Duluth lieutenant joins 2018 race for Congress
HERMANTOWN, Minn.—Flanked by more than 100 supporters, Pete Stauber launched his campaign for Minnesota's 8th Congressional District on Monday, July 10.
"Wow!" Stauber said, responding to the swell of cheers upon his introduction outside the Hermantown Public Safety Building. "It's an important day."
A Duluth police lieutenant and St. Louis County commissioner, Stauber read from a prepared statement and outlined a platform rooted in Christianity, small-town interests and the "common sense" he said was missing from Washington.
"This difficult and personal decision comes from my love for this country," the 51-year-old Hermantown resident said. "I believe my views, my convictions, my blue-collar background and my leadership experience align with the vast majority of our voters. The 8th District is my home. My intentions are not to move the country to the left or to the right, but move us all forward."
Stauber is the first Republican to announce a campaign vying for the seat held by three-time incumbent Rick Nolan, DFL-Crosby. Stauber did not address Nolan specifically or take reporters' questions, saying he was starting a busy day with a second campaign announcement later Monday in Ely. Stauber said there would be time enough later to respond to specific media queries. There are slightly fewer than 500 days until 2018's midterm elections.
After outlining a varied career in hockey, law enforcement and local governance, Stauber painted himself as a strong advocate for armed service veterans, people with special needs, the elderly and small-business owners, among others.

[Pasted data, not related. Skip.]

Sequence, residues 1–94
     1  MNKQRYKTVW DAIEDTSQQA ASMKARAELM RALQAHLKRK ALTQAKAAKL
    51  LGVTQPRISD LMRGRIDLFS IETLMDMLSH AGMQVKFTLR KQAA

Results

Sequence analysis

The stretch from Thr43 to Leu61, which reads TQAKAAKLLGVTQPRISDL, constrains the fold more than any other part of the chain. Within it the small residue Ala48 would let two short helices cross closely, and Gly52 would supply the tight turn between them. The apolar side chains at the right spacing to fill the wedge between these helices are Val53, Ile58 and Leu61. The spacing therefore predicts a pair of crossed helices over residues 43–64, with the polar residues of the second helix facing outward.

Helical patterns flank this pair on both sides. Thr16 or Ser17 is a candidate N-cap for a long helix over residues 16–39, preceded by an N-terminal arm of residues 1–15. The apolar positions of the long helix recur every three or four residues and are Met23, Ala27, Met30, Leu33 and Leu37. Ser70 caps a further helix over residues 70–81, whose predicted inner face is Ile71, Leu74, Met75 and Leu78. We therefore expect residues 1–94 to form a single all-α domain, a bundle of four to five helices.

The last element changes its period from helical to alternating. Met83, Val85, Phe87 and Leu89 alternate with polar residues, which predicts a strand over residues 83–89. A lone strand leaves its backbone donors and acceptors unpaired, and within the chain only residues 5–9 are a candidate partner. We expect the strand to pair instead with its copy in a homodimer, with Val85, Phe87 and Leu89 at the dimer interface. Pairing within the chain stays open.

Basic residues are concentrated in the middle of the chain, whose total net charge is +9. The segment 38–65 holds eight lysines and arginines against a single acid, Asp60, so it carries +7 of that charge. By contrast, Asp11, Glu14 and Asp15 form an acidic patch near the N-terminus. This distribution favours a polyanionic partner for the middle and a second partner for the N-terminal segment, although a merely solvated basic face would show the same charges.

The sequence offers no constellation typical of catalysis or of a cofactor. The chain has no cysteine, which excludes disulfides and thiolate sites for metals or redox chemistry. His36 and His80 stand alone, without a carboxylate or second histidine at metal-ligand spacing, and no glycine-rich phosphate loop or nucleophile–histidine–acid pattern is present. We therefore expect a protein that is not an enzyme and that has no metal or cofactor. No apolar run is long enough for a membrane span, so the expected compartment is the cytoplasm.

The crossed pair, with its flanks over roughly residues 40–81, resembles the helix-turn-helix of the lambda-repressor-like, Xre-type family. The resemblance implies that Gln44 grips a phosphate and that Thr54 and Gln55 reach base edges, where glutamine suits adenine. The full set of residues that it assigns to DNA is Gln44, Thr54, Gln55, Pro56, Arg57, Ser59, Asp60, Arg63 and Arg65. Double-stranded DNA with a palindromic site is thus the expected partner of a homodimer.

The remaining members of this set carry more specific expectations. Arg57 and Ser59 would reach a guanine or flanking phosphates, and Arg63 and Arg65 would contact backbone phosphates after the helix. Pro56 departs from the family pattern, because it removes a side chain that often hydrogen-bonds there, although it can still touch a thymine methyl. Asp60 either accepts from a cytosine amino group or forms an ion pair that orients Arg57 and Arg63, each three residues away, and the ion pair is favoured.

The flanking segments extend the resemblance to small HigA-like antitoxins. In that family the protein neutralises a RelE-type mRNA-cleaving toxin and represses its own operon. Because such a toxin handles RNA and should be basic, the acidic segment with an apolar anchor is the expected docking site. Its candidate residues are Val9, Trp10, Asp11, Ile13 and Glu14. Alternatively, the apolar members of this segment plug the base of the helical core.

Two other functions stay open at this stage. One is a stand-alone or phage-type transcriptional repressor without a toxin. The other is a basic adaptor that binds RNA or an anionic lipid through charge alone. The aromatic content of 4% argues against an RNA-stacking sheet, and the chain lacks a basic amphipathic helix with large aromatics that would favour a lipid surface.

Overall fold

He was present at the podium with his wife, Jodi Stauber, and their four children. Jodi is an Iraq War veteran and retired from the local 148th Fighter Wing as Minnesota's first female Command Chief.
Audra Flanagan worked alongside Jodi with the 148th and was among the throng of well-wishers. Flanagan said she has long admired Pete Stauber and recalled his approach to his wife's past service deployment.
"Pete always spoke about the tremendous pride he had for his wife — and not the hardship he was experiencing (at home raising the family)," she said.
In a news release accompanying his announcement, Stauber said he will soon retire from the Duluth Police Department, where he's served for 22 years, and devote his time to being a county commissioner and running for office.
Without summoning the incumbent, Stauber also made a point to say the Iron Range could be mined for precious metals while also protecting the environment.
"I won't tiptoe around the fact that I support precious metals mining," he said — taking the same position as Nolan.